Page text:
Yet she stands whitewashed, transformed.
The circle opened to let me in. A hand reached for mine. Warmth from a touch pulsed through starved veins; a fingertip graced my forearm. A heartbeat slowed.
We stood tall together. Ancestors, cousins, sisters, mothers and aunts all stepped forth, heads held high. You turned and faced us.
Strong women. We’ve known struggle. The brave ones; we’ve faced fear, cut it down with our light. Words tossed like stones only bruised our surface. We’ve known betrayals and chose to rise above the duplicity. Compassionate, we conquer hate with tolerance and love. Joyous we drink from celebration’s cup.
Honourable women. We’ve known loss, felt its icy fingers spear our hearts. Tears slipped like silk to cleanse sorrow’s stain. Babies born and buried, husbands lost, doors shut. Voiceless we screamed to a seemingly absent god, “ Have mercy.”
We’ve stumbled; momentarily lost our footing through the darkened forest. Our advice to you is simple.
Take shelter under the limbs of the finest tree. Pause within the stillness. Perhaps the only audible is the wind as it lifts the leaves to dance. Punched by noise leaves you fit to embrace silence. Can you hear the rustling?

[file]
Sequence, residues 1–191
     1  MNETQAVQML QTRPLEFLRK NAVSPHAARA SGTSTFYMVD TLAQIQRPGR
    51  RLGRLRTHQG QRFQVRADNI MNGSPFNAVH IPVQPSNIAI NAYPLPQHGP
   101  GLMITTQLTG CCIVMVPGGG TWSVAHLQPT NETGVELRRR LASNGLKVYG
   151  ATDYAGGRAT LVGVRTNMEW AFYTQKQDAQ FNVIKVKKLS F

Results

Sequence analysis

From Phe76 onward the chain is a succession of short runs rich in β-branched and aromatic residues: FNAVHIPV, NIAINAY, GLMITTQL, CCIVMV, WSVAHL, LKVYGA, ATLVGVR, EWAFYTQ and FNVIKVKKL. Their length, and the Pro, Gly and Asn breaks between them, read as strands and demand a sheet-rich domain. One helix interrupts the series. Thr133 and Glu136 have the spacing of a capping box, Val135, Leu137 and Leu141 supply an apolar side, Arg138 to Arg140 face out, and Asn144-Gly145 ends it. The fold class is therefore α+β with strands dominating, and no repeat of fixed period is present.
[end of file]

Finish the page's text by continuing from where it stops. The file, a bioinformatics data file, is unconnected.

Realize a presence, something more. It is their legion. They come to circle and say, “Your story, your voice, your being, matters.” Something enchanted, other worldly happens. Whispered voices murmur, “We are here. You are not alone.”
The circle opens to let you in. A hand reaches forth. Its touch pulses through hungry veins and warms you. A fingertip graces your forearm. You feel your heartbeat slow.
We stand tall together. Your ancestors, sisters, cousins, mothers and aunts. Strong women.